Nomita is the president of an association created by BEDS. The association focuses on central mangrove nurseries and helps nursery owners coordinate with each other and maintain stable prices of mangrove saplings through regular communication. This has empowered the five women and established them as leaders in their local communities.
“Before, we used to collect the seeds and use [them] as cooking fuel. With the initiative of BEDS, now we use the seeds and produce mangrove saplings and also sell the saplings,” said Nomita Mondol as she shared her experience. “Last year, I earned BDT 60,000 from the mangrove saplings. I use the money for my household activities and my children’s education. This year, I have already produced 30,000 mangrove saplings in the nursery and will sell these to support my and my family’s livelihood.”
Following the success of community-based mangrove nurseries at Paschim Dhangmari, and to meet the high demand for mangrove saplings, BEDS expanded their programme and established another community-based mangrove nursery at Mathurapur village from Shyamnagar sub-district of Satkhira district. The village is close to the Sundarbans. BEDS also established a Central Mangrove Nursery this year at Amtola village under Dacope sub-district of Khulna district, where around 1,000,000 mangrove saplings can be raised at a time. The nurseries are managed by the women groups with 20 families currently being supported through the mangrove nurseries. Most importantly, the mangrove coverage has also consequently grown in the region, with coastal communities benefiting ecologically and economically in the process.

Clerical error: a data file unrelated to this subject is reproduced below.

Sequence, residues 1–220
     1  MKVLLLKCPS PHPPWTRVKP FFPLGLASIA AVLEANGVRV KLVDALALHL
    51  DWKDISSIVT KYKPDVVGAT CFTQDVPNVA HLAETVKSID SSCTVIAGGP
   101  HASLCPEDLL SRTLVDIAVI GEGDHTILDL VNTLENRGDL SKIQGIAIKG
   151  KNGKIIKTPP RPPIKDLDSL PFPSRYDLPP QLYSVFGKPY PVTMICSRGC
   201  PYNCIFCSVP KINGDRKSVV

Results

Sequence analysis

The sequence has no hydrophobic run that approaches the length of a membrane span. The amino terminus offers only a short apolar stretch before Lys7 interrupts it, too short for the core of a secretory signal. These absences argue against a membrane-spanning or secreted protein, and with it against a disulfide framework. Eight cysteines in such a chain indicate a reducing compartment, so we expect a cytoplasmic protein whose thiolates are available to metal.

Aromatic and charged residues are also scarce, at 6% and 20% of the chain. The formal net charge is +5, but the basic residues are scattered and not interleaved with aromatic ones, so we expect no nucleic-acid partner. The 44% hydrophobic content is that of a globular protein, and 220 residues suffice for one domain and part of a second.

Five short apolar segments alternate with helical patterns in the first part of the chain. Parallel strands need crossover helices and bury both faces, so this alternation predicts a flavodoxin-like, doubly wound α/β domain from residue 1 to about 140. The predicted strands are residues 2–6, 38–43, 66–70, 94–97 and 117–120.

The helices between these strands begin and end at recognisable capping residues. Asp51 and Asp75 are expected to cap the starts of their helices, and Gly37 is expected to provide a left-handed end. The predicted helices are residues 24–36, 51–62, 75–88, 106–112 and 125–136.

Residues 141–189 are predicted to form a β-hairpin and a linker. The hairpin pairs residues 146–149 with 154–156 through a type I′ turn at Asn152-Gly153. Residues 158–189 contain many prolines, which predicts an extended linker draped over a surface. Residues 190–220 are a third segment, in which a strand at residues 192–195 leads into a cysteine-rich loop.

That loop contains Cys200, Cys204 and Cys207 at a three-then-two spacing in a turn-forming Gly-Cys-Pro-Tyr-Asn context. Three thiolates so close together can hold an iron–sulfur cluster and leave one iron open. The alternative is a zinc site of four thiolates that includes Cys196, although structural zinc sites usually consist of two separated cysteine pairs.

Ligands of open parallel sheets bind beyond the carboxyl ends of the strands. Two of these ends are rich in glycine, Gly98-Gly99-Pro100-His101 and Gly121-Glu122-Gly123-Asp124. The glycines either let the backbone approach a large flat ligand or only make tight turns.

Nomita Mondol’s story is a testament of how women’s empowerment and local ownership of adaptation efforts are closely interconnected. However, societal taboos and pre-disposed biases about gender roles continue to be major challenges. These can only be overcome by capacitating women and community members. BEDS is doing a commendable job but the test for them now is to upscale their work and make it sustainable.
About the interviewer
Sohanur Rahman is the Executive Coordinator of YouthNet for Climate Justice, the largest youth networking organisation in Bangladesh to support coastal communities during humanitarian crises. He advocates globally for youth-based rights, especially in the areas of climate justice, disaster risk reduction, gender equality and human rights.
About the interviewee
Nomita Mondol is a housewife who lives at Paschim Dhangmari village under the Dacope sub-district of Khulna district. She established a locally led mangrove nursery with the technical and equipment support of the local civil society organisation Bangladesh Environments and Development Society (BEDS). She is the president of a local association established by BEDs.